The Wrights started performing together a year or so after Ellen began the guitar. They have appeared from Cape Cod to Kansas; perhaps their most memorable appearance was in New York City a couple of weeks after 9/11, the full story of which is told on their website (see "Links," upper left).
A few months before that New York show a friend of theirs invited them to meet Roni Stoneman, who was staying in the Chicago area at the time. Roni was looking for someone to help her write her life story, and the original notion was that as the author of the Stanley book John would be the one to do this. But as soon as the Wrights met Roni it became clear that Ellen was the one to take on this job, and this book, along with the just-released CD "I Shook Hands With Eleanor Roosevelt," have been the big family musical projects over the past year or more.
"Little Liza Jane," despite its antique sound, is the most recent song on the CD (except for our original compositions). It seems to have been written ca. 1916 for a Broadway musical. In those days musicals still featured at least one minstrel-style song, usually having nothing whatever to do with the plot.
In Dublin there is a statue that purports to be of the original Molly Malone, and people will tell stories about her life there in the seventeenth century. It's all fiction. "Molly Malone" is a faux Irish song written in the late nineteenth century for the British music hall by a performer who was born in Scotland.
"I Shook Hands With Eleanor Roosevelt" describes actual encounters J.W. had with various celebrities over the years. He writes: "In high school I won a contest for writing an essay about the U.N. The winners went to New York City and received certificates from Mrs. Roosevelt. A few years earlier my mother took my brothers and me to see a matinee of 'South Pacific.' When we arrived we found that the show was closing that night. I never really met Adlai Stevenson, but I saw him in person at a rally; my claiming to know that he would lose is a bit of ex post facto poetic license. Newton Minow, JFK's FCC Chairman who was famous for calling television a 'vast wasteland,' is a trustee of Northwestern University. My dean introduced me to him at a reception, adding that I was chairman of the Classics Department; he said, 'He looks awfully young to be chairman of a department.' The proper riposte occurred to me weeks later; I should have said, 'He looks awfully young to be Newton Minow," which was true." The rest of the encounters listed in the song were similar to these.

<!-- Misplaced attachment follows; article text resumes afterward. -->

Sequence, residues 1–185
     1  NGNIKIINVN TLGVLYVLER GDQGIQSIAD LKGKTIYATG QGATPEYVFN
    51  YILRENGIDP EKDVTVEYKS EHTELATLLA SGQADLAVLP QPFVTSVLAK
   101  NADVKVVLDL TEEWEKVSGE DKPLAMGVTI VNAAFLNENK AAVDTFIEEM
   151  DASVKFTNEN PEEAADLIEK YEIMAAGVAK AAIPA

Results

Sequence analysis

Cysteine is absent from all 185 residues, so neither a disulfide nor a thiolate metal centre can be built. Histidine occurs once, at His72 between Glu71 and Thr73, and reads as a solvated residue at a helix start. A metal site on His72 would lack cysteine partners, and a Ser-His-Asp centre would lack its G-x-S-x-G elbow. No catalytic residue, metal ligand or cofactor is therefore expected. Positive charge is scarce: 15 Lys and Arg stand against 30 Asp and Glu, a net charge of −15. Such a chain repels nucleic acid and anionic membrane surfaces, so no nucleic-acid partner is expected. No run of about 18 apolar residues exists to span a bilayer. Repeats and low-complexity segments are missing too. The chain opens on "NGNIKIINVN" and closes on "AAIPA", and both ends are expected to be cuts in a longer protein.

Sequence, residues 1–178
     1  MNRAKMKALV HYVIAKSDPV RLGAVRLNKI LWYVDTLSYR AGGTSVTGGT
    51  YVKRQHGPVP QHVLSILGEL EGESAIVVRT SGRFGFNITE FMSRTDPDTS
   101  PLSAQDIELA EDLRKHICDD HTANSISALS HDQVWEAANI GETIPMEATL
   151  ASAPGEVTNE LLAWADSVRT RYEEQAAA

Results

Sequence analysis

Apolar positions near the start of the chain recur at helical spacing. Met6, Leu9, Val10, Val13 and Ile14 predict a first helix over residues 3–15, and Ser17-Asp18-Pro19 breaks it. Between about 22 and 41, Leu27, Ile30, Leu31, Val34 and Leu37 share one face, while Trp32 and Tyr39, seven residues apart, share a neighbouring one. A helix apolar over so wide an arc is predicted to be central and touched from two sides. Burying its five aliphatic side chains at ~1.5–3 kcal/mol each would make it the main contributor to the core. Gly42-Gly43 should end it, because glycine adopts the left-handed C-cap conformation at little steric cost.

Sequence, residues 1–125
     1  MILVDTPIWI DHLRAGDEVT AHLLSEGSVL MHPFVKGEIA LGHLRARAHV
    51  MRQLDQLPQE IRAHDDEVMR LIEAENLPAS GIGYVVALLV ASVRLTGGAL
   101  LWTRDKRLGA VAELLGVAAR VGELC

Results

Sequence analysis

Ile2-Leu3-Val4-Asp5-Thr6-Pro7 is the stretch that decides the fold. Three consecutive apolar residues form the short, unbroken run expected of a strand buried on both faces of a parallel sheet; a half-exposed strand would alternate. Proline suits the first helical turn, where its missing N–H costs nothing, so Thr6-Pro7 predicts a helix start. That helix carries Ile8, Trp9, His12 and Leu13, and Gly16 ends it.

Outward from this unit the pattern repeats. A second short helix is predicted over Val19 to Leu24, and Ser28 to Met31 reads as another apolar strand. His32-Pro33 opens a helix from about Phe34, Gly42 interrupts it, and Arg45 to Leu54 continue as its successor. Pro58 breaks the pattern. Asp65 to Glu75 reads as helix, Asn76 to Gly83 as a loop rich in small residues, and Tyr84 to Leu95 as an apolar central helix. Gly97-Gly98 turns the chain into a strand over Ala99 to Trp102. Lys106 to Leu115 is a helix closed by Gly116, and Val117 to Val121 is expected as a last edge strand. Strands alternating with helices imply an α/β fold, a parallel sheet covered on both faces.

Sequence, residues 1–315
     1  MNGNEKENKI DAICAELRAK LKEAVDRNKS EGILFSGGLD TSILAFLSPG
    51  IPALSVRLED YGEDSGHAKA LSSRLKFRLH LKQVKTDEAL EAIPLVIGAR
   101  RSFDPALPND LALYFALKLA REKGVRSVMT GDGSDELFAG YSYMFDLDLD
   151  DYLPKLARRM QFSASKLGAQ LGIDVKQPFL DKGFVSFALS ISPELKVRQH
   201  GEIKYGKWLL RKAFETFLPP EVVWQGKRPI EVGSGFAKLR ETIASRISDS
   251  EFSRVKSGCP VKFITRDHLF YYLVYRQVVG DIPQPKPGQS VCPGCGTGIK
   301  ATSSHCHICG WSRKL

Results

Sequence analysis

"Long Long Ago" is the oldest song on the CD. Written in England ca. 1835, it soon became an international hit, not only in the British Empire and the United States, but on the continent of Europe as well. The Wrights had a very moving experience with the song when they played it at an assisted-living center for holocaust survivors in Chicago; because of their background they knew none of the "well known" American songs, but when the Wrights played "Long Long Ago" one woman cried out, "I know that! We used to sing it in German when I was a little girl in Czechoslovakia!"